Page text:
The death toll from Cyclone Enawo, which slammed into Madagascar this week, rose to 38 people from an initial figure of five, the country's disaster management agency said.
Enawo hit Madagascar's vanilla-producing northeastern coast on Tuesday morning, and started moving across the island nation as it weakened. It is now reclassified as a tropical depression, which is moving southwards, away from the island which lies 250 miles (400 kilometres) off the coast of Africa.
Thierry Venty, Executive Secretary of the National Bureau of Risk and Disaster Management (BNGRC), said on national television late on Friday that those killed included victims of landslides caused by the storm.
A total of 180 people have been injured, he said. Another 116,191 people have been displaced or had their property damaged, he said. At least 53,172 people were taking shelter in centres set up across the country.
Up to 700,000 people could be affected by the cyclone, according to the Red Cross. The group has deployed 500 volunteers to help the 116,191 people who are known to have been affected by the storm.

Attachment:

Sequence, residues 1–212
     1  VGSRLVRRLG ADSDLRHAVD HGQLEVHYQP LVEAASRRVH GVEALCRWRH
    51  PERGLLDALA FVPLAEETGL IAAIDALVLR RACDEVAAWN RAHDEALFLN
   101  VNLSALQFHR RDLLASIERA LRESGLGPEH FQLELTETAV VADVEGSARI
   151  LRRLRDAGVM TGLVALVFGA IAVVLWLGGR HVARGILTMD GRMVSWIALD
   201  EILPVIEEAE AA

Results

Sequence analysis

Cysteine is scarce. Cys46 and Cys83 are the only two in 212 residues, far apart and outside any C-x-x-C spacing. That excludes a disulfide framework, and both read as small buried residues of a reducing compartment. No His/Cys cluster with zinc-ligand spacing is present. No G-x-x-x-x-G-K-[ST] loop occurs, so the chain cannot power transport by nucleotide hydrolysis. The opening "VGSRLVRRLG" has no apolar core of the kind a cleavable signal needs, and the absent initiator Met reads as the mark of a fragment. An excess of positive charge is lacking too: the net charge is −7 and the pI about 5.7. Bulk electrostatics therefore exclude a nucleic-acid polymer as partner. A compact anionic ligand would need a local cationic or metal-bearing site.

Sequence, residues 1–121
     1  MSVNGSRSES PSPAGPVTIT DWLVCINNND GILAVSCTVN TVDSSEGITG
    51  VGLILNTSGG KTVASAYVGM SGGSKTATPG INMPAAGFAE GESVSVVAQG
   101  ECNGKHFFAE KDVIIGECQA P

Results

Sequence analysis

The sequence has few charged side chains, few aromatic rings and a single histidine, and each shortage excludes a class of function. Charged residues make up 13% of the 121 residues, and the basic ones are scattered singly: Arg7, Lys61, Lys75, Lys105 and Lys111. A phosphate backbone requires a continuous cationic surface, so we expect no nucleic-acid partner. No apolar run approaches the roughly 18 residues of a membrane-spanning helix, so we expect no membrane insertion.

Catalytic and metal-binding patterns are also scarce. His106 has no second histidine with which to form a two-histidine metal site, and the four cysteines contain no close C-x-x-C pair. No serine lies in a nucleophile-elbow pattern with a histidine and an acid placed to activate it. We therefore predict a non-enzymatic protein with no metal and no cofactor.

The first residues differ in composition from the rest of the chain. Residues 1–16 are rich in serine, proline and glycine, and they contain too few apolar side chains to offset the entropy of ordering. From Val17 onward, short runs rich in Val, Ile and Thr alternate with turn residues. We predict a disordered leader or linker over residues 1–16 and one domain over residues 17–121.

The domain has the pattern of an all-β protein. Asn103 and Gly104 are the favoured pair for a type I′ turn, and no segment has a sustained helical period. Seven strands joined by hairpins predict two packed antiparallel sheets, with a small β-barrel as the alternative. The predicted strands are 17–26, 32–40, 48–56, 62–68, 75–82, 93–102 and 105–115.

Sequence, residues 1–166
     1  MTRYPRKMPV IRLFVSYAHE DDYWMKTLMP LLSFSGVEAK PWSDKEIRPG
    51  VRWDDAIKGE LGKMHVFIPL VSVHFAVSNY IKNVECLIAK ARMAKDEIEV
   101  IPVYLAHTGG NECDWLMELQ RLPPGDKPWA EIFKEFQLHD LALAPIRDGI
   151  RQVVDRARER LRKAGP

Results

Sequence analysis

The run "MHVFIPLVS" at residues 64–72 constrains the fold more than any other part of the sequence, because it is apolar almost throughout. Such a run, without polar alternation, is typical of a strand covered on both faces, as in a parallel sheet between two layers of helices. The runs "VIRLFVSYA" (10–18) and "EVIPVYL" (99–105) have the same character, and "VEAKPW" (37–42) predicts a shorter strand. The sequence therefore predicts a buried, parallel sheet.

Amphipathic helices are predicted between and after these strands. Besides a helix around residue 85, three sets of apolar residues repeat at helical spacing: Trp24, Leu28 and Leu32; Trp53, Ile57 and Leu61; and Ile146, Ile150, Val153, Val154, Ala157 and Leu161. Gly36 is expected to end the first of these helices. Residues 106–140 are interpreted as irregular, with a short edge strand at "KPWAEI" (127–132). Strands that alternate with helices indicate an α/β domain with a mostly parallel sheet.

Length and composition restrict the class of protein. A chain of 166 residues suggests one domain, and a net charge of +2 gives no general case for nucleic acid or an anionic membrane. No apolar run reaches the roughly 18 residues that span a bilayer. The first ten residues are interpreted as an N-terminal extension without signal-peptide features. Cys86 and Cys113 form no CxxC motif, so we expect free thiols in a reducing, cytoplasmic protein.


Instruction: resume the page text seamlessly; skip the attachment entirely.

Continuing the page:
Abbassenhay Shamir - Just North of Antalaha in Madagascar pic.twitter.com/DTVfRQ32uY
— Storm Report SA (@StormReportSA1) March 7, 2017
"The damage is enormous wherever the cyclone has gone," Venty said.
Videos and photographs shared on social media showed flattened trees, flooded roads and corrugated sheeting ripped from roofs after the cyclone struck.
— USAID/OFDA (@theOFDA) March 9, 2017
The local weather forecasting service said Enawo was one of the worst storms to hit the country in recent years. In 2012, tropical storm Irina and tropical cyclone Giovanna claimed more than 100 lives.